Blame process, not people

The latest project rollout didn’t go so well. The deploy went south, causing the site to be down all morning.

This was situation normal at a previous job. Every deploy went so poorly that we began having a “lessons learned” meeting the day after to try to talk through what went wrong. It would inevitably turn into a finger-pointing blamestorm.

After all, some person was responsible for each aspect of the deploy. It’s hard to avoid calling out a specific person, especially when everyone knows who was responsible. And when you’re put on the spot to explain the failure, you may not be prepared with a good answer and feel like you’re under fire. Instead of working towards answers, people will instead get defensive and try to cover their asses.

So how can an organization learn from its mistakes without creating a negative blamestorming environment? What I do is blame process instead of people.

Humans (in other words, your coworkers) inevitably get tired, careless, forgetful, or just downright lazy. They take shortcuts and make mistakes. If this kind of behavior causes your company’s process to fail, then it’s a bad process. A robust and well-designed process will be resilient to the unpredictability of human behavior.

In this view of the world, all failures are process failures. Human behavior should be seen as an unchangeable fact of life that you must deal with rather than try to change.

Of course, you should always try to educate people about better practices. But don’t assume this will magically fix your process problems. At the end of the day, it’s far easier to change a process than to change human behavior.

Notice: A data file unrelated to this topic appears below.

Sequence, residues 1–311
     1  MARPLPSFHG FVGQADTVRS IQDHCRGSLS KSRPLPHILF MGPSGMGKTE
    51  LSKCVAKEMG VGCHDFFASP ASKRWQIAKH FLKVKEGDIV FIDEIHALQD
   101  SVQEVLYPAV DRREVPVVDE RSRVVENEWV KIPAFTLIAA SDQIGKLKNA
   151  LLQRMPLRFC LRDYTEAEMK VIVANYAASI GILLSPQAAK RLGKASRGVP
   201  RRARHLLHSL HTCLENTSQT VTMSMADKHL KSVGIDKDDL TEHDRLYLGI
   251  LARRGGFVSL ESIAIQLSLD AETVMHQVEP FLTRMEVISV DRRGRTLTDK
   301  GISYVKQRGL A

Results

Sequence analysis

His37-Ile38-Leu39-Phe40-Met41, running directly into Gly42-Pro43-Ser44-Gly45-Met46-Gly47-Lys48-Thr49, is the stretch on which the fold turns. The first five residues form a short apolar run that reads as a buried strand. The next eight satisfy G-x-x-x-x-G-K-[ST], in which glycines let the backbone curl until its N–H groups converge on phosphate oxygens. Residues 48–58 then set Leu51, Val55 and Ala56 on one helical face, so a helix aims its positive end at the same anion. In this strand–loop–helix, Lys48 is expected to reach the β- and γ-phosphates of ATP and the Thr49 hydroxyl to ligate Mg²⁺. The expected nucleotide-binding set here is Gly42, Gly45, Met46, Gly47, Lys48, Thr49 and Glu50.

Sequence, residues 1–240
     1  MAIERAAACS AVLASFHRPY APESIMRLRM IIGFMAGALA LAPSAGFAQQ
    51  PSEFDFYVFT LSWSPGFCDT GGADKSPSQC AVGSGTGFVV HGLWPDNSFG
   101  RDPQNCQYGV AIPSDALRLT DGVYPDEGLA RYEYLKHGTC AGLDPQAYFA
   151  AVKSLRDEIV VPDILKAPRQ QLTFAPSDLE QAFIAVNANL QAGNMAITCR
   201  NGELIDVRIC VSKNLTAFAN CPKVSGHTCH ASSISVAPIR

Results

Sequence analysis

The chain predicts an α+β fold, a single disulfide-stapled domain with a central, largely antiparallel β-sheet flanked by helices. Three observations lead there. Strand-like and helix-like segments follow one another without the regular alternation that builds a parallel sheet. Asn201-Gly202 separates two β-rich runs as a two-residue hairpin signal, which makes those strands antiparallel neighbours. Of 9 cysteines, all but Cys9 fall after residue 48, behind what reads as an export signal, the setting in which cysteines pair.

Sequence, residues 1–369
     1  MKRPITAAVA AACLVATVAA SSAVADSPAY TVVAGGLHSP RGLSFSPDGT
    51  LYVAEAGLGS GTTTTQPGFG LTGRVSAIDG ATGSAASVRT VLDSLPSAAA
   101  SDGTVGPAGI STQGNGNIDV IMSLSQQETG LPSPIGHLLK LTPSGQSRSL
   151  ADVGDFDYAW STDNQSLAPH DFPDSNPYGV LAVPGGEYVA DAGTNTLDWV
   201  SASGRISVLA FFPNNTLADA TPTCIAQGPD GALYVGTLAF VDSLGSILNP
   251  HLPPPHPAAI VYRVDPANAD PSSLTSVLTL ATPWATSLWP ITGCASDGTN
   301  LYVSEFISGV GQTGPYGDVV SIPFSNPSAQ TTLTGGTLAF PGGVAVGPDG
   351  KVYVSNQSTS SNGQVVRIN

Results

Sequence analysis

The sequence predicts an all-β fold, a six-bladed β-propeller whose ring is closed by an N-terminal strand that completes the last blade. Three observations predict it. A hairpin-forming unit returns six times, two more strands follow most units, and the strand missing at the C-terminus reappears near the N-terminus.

Let’s take a code deploy process as an example. At my previous job mentioned above, all deploys were done manually. A sysadmin would log into the production machine, unzip the new code, and follow a step by step process written in a text document, which could be different for each deploy. Inevitably, one of these steps would not be done correctly, and we would all waste time trying to figure out what had gone wrong.

Even though this sysadmin was my friend, it was hard to avoid getting frustrated and calling him out for his mistakes. But the thing is, it was the process that was poorly designed. No human being can reasonably be expected to always be perfect.

An automated deploy process would have completely eliminated the potential for human error in this case. If all you have to do is push a button, there is less potential to screw something up.

Whenever a failure of any kind occurs, ask yourself the following questions.

  1. Is there a standard process defined? If not, define one.
  2. What actually caused the process to fail?
  3. Is there a way to redesign the process in order to make that kind of failure impossible?
  4. Do we need a completely new process that is less prone to failure?
Like what you read? Give David Butler a round of applause.

From a quick cheer to a standing ovation, clap to show how much you enjoyed this story.